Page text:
One prime reason now for the widespread use of multimike and multitrack techniques is simply economics. The cost of paying performers and renting a hall or studio is substantial. So in most of the recording industry, the prevailing attitude is to have the performance taped and “in the can” as quickly as possible so the expensive musicians and the expensive recording location can be released.
Often the players don’t even perform together, instead playing alone to a previously taped recording of other performers. This means the musicians engage in a one-way reaction, rather than a two-way or multiple interaction. With its players isolated in this way, whether in space by separate acoustic boxes within the studio, or in time by performing solo to a tape recording heard through earphones, a performance is no longer that of an ensemble and loses the character and creative vigor derived from the group’s communication as they play. With each per former individually miked and taped, each is recorded in a separate sonic envelope; these multiple envelopes cannot be perfectly matched into a whole and so leave noticeable and distracting “seams.”
On top of this loss of spiritual aliveness, the extensive electronic processing and reprocessing inevitably adds electronic smog and sonic congestion. The thousands of feet of mike cable needed to run all the mikes back to the console in the control booth literally acts as a filter. The more that’s used, the worse the sound. Especially when recording large groups like orchestras, the engineers often locate the sound control booth 500 feet away from the stage. They don’t listen to the live music. Instead, they sit tucked away in their control bunkers, listening on a set of monitors or headphones. Then they try to improve this degraded sound with signal processing, rather than directly capturing the live sound as exactly as possible. This adds to the punishment of studio reworking, as the signal is fed over and over through the console to be corrected, mixed, and remixed. The end product is Gerber’s strained music.
When amplified instruments, which already have built-in haze and distortion from their own electronic circuitry, are multimiked and multitracked, the sonic problems are compounded. This is one reason why so much rock sounds as if it were recorded in a radioactive phone booth. Amplified music has two layers of electronic glaze—one from the instrument itself and one from the recording/playback process. Acoustic music has only one layer, imposed by recording/playback electronics.
Some speculate that the heavy electronic glaze of rock music is harmonic distortion. Listening to live loud amplified music, you can clearly hear the spurious overtone (harmonic distortion) over the music because it is LOUD and separate from the music—it’s like a steady shriek, or whistle, or warble. Club musicians (who sometimes deserve to be called club heads) commonly seem to turn up their equipment until it reaches this shriek and then, satisfied, leave it there.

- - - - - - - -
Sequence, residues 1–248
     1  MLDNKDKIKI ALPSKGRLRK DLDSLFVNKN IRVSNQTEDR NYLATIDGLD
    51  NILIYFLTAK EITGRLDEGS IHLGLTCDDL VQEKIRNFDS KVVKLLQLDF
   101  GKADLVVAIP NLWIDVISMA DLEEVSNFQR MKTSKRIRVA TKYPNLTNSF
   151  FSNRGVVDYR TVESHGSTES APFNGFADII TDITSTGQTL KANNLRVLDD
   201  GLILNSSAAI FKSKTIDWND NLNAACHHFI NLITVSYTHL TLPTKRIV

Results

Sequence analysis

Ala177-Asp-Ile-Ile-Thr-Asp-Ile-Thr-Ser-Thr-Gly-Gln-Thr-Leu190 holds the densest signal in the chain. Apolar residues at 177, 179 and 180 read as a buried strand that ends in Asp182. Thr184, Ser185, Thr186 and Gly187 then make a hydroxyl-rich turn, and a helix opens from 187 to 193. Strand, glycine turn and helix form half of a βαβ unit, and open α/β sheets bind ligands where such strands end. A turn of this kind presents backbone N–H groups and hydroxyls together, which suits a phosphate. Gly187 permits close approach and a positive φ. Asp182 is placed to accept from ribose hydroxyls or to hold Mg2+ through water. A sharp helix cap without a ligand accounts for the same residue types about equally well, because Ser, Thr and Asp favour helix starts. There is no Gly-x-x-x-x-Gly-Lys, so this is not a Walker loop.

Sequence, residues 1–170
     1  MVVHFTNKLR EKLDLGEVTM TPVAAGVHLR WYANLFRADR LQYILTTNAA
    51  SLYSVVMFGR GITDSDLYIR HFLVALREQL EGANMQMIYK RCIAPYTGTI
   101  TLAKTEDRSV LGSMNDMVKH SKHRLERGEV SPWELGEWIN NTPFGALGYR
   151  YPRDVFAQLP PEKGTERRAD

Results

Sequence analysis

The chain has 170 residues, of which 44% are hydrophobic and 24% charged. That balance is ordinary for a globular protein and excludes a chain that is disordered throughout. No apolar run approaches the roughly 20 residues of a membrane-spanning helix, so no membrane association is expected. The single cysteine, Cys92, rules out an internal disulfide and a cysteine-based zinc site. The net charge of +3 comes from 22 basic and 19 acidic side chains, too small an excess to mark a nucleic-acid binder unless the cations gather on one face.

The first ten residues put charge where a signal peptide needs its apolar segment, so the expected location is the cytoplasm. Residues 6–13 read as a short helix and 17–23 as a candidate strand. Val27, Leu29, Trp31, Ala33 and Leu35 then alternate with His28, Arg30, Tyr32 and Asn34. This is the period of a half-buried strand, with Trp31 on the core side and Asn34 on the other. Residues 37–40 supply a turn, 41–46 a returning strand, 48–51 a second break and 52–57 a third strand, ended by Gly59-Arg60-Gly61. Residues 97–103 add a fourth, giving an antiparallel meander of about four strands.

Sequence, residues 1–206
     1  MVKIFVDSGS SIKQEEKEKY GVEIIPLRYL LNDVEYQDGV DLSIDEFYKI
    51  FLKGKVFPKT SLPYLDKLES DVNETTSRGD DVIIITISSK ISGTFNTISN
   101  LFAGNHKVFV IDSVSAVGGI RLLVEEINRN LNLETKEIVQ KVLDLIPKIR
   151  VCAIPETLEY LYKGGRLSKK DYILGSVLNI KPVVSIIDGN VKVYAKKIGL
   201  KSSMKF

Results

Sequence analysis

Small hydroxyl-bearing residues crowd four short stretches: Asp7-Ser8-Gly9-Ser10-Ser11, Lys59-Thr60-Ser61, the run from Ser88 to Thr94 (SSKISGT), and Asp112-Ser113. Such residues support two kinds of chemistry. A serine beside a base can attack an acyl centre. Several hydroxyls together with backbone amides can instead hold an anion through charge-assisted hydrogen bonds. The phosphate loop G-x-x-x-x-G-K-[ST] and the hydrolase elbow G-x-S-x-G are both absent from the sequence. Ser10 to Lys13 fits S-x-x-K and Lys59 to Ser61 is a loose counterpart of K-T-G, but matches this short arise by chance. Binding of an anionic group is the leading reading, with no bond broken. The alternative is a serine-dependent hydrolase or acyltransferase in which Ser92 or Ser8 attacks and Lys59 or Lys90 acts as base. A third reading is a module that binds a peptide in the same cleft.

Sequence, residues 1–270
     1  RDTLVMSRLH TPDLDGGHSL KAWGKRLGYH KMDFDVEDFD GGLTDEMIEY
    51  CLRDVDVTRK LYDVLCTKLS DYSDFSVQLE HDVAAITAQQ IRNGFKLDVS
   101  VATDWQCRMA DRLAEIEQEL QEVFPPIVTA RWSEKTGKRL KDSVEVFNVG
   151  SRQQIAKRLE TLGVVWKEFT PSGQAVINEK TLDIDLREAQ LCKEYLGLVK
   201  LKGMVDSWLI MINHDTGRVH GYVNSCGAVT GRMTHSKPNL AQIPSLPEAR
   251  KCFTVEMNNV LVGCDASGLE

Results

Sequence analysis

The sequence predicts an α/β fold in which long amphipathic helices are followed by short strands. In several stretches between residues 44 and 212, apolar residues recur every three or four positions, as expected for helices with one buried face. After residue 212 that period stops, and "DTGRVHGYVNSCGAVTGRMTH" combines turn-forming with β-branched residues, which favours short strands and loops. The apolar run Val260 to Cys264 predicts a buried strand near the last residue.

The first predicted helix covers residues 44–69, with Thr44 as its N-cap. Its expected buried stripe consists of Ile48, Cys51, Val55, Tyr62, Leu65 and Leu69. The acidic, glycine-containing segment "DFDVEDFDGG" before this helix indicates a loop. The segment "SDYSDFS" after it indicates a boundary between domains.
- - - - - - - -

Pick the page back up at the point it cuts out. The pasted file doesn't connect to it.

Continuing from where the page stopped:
A multi-mike, multi-track recording means one can patch everything together at leisure, often over weeks, even months—set all the levels to obtain the right balance with all the mikes, use pan pots to distribute the instruments across the stage. Equalize to change the timbre of the instruments “to suit”—adding a little zap to a violin here, punching up the poor mike placement there. Then “sweeten” with artificial reverberation to “restore” some of the acoustic so intentionally multimiked out in the first place. The fact that what’s added by the engineer to replace the original in terms of fake acoustic, reverb, and other sound effects is neither realistic nor musical, at least in terms of acoustic mu sic, does not seem to be of much concern.
The recording is finally “assembled” by dubbing and overdubbing snippets of one tape track onto another tape track, and then mixed down to a two-track master. Each dubbing takes the tape a generation further away from the original master; with each generation the sound quality is irrevocably degraded. Distortions build at each stage.
The final tape ready for producing the recording is easily a fourth or fifth generation, already sonically degraded just from being a copy of a copy of a copy and so on, even though it’s still called the master. All this adds up to electronic erosion, where the tracks have been so worked over so many times that the sound is really just plain messed up.